Vitamin D toxicity is the most common of all vitamin “overdoses.” It occurs as a result of indiscriminate supplementation (either oral or injectable). Excess vitamin D is stored in the liver, and the effects are cumulative, becoming more obvious after a period of several weeks. They include calcium deposits that collect in the heart valves and walls, the walls of large blood vessels, and the kidney, diaphragm, salivary glands, and gastric mucosa. The result is decreased exercise tolerance, weight loss, stiffness, a decrease in spontaneous activity (with flexor tendons and suspensories often sensitive to palpation), an increased resting heart rate, the development of heart murmurs, and increased water intake and urination. Toxicosis can be confirmed by elevated plasma concentrations (over 5 ng/ml).
Versatile vitamin E enhances immune function, is essential for cellular respiration, is involved in DNA synthesis, reduces the signs of zinc deficiency (more about this in a future issue), and improves the absorption and storage of vitamin A, among other effects. But most importantly, vitamin E and the mineral selenium are partners in protecting the horse’s body tissues–especially cell membranes, enzymes, and other intracellular compounds–from the damaging effects of oxidation. Inadequate amounts of either one in the horse’s system assure that there will be considerable free-radical damage to the tissues.
Vitamin E is the only vitamin other than A that horses must get from their diets. Green growing forage contains good amounts of vitamin E, but from 30-80% of the vitamin’s activity is lost during the process of cutting and baling hay, and nearly all of the vitamin E is destroyed in high-moisture feeds, such as haylage. Because not all horses are lucky enough to have good pasture year-around, commercial grain rations usually are fortified with stable forms of vitamin E.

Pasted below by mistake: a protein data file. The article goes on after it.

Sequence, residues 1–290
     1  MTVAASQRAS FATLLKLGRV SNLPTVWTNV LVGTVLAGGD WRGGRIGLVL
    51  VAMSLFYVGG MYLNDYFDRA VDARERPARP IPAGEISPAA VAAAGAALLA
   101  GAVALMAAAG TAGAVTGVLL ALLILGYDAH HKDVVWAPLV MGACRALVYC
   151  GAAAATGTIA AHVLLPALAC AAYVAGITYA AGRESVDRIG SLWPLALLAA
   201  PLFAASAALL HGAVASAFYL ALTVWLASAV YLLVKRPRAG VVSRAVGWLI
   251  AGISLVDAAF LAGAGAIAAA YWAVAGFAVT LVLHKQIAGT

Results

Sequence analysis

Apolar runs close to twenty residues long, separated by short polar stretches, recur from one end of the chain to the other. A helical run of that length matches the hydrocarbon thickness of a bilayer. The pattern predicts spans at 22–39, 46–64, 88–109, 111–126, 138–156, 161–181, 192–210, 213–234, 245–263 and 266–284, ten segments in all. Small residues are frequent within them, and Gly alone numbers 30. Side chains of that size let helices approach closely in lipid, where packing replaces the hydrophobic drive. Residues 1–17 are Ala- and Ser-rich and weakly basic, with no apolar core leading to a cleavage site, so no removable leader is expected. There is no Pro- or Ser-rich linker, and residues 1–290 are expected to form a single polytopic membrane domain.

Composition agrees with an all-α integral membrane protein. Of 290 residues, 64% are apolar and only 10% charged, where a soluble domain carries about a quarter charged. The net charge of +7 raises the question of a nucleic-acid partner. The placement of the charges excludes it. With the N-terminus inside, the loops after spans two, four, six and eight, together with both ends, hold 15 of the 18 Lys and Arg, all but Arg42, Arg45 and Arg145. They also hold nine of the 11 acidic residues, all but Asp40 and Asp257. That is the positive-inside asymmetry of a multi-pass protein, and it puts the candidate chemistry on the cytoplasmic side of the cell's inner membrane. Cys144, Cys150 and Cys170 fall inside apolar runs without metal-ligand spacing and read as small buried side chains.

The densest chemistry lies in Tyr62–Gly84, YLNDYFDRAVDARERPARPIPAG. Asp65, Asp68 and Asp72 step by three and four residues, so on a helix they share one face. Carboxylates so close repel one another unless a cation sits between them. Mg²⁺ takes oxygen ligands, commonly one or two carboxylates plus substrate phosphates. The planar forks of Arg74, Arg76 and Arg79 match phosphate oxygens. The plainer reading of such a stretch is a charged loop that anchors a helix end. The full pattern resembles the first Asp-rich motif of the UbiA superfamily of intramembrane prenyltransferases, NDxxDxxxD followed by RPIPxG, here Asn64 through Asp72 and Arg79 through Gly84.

Signs of deficiency (which usually are grouped with selenium deficiency) include muscle wastage and malformation (sometimes called “white muscle disease” in foals), subcutaneous edema, infertility, a stiff, stilted, “base-wide” gait, a swollen tongue, and inflammation of fatty tissues (or steatitis) by insoluble pigments (often called “yellow-fat disease”), especially in foals. A mild deficiency of vitamin E might only produce a decrease in the horse’s immune response, and in foals a slower growth rate.
Horses easily can suffer from selenium excesses (selenium has the lowest toxicity level of any mineral important to the equine diet), but vitamin E is relatively non-toxic. No clinical signs of vitamin E toxicosis have been produced, but because very high levels of vitamin E can interfere with the absorption of other fat-soluble vitamins, a conservative maximum level of 1,000 IU/kg in the diet generally is recommended.
Vitamin K’s primary function is as an activator for blood clotting factors, although it also participates in the activation of other proteins throughout the body. There are several forms of vitamin K that occur in nature, some in green leafy plants, and others manufactured by the horse’s cecal bacteria. While the natural forms of vitamin K are fat-soluble, they are converted to a water-soluble format before they are stored in the horse’s liver. As a result, vitamin K is easily excreted in the urine and so the body does not tend to retain a large supply. However, the combination of vitamin K ingested in pasture or hay, and that produced in the cecum, is considered adequate for any horse’s needs under almost all circumstances.